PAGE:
Next, the substrate 20 is transported in line from the first processing chamber 210 to a second processing chamber 220 filled with a vacuum of about 1.010−5 Pa. Then, in the second processing chamber 220, the resist film 21 is pre-baked by getting the substrate 20 heated by a heater 22 to about 110 C. for about 60 seconds, for example, as shown in FIG. 2B. In this manner, a solvent is vaporized from the resist film 21 and a gas (e.g., CO2 gas) is given off from the resist film 21.

Thereafter, the substrate 20 is transported in line from the second processing chamber 220 to a third processing chamber 230 filled with a vacuum of about 1.010−5 Pa. Then, in the third processing chamber 230, the resist film 21 is exposed to EUV radiation as shown in FIG. 2C. Specifically, the EUV radiation with a wavelength of around 13 nm, for example, is directed toward a reflective mask 23 and then reflected therefrom. Subsequently, the reflected part 24 of the EUV radiation is condensed by a reflection/demagnification optical system 25 to about ⅕, for example, and then allowed to be incident onto the resist film 21. As a result, the resist film 21 comes to have exposed and non-exposed portions 21 a and 21 b.

Thereafter, the substrate 20 is transported in line from the third processing chamber 230 to the second processing chamber 220. Then, in the second processing chamber 220, the resist film 21 is post-baked by getting the substrate 20 heated again by a heater 26 to 130 C. for 60 seconds, for example, as shown in FIG. 2D. In this manner, the acid, which has been generated in the exposed or non-exposed portions 21 a or 21 b of the resist film 21 as a result of the exposure process, further diffuses and the gas like the CO2 gas further emanates from the resist film 21.

Subsequently, the substrate 20 is transported in line from the second processing chamber 220 to the first processing chamber 210. Then, in the first processing chamber 210, the resist film 21 is subjected to a wet developing process using a developer of TMAH, for example, thereby forming a resist pattern 27 on the substrate 20 out of the non-exposed portions 21 b of the resist film 21 as shown in FIG. 2E.

In the fifth embodiment, the pre- and post-baking steps are carried out in a vacuum, so a gas like CO2 gas is given off from the resist film 21 in these pre- and post-baking steps. Accordingly, even if the resist film 21 is exposed to high-energy EUV radiation in a vacuum after that, the degassing phenomenon rarely occurs in that exposing step. Moreover, the chemical composition of the plasma will not change while the film to be patterned is plasma-etched.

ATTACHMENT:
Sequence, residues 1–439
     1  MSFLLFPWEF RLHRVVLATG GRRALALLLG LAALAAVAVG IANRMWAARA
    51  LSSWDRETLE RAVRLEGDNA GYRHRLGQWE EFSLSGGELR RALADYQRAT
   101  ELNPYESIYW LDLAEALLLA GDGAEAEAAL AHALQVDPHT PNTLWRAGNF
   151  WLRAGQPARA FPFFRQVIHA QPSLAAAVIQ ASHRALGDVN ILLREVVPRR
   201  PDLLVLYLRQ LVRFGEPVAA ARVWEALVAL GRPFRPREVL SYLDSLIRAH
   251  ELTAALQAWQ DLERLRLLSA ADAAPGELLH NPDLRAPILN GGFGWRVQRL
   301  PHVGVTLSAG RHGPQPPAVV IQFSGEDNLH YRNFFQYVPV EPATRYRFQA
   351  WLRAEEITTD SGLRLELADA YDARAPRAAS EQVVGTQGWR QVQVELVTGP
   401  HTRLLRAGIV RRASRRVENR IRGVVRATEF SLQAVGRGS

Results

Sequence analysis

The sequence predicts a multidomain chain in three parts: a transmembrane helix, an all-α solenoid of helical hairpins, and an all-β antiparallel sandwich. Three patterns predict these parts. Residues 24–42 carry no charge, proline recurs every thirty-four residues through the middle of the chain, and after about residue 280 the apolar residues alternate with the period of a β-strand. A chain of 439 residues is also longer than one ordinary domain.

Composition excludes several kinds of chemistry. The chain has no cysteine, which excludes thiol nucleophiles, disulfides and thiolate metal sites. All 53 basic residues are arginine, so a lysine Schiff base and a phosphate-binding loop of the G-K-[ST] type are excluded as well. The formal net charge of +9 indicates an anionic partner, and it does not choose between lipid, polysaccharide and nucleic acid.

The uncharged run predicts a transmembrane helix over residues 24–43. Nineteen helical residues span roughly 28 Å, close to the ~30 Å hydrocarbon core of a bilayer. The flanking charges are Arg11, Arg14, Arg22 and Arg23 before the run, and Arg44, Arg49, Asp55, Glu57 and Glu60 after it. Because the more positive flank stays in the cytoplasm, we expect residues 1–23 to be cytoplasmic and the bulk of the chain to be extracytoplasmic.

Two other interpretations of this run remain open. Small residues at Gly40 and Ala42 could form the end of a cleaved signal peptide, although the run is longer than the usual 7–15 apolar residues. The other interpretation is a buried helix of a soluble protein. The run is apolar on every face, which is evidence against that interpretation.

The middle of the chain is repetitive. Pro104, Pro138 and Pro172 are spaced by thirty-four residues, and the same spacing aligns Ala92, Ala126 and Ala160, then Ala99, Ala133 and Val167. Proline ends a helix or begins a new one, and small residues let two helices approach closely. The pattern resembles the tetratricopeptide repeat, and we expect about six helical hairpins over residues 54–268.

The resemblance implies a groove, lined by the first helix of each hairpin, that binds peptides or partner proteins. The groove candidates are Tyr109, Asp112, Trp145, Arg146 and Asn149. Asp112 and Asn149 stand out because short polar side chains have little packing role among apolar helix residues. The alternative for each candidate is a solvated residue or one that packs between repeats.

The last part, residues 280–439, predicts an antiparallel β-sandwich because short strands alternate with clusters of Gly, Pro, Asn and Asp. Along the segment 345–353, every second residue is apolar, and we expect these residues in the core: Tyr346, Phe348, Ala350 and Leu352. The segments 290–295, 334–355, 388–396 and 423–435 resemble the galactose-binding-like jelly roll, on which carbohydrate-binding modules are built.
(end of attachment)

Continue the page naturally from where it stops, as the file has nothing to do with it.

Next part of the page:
Also, the pre- and post-baking steps are performed in a chamber different from the chamber in which the exposing step is performed. In addition, a much smaller quantity of gas is released in the exposing step. Accordingly, almost no reactants will deposit themselves on the surface of the resist film 21, reflective mask 23 or optical system including mirrors. Consequently, the resist pattern 27 will not be deformed or the EUV radiation exposure dose will not decrease.

Embodiment 6

Hereinafter, a resist pattern forming method according to a sixth embodiment of the present invention and an apparatus for fabricating a semiconductor device for use in the method of the sixth embodiment will be described with reference to FIGS. 3A through 3F and 6.

First, the surface of a semiconductor substrate 30 is coated with a chemically amplified photoresist material in a first processing chamber 310 filled with the air at the atmospheric pressure, thereby forming a resist film 31 thereon as shown in FIG. 3A.

Next, the substrate 30 is transported in line from the first processing chamber 310 to a second processing chamber 320 filled with a vacuum of about 1.010−5 Pa. Then, in the second processing chamber 320, the resist film 31 is pre-baked by getting the substrate 30 heated by a heater 32 to about 110 C. for about 60 seconds, for example, as shown in FIG. 3B. In this manner, a solvent is vaporized from the resist film 31 and a gas (e.g., CO2 gas) is given off from the resist film 31.

Subsequently, the substrate 30 is transported in line from the second processing chamber 320 to a third processing chamber 330 filled with a vacuum of about 1.010−6 Pa. Then, in the third processing chamber 330, the resist film 31 is exposed to EUV radiation as shown in FIG. 3C. Specifically, the EUV radiation with a wavelength of around 13 nm, for example, is directed toward a reflective mask 33 and then reflected therefrom. Subsequently, the reflected part 34 of the EUV radiation is condensed by a reflection/demagnification optical system 35 to about ⅕, for example, and then allowed to be incident onto the resist film 31. As a result, the resist film 31 comes to have exposed and non-exposed portions 31 a and 31 b.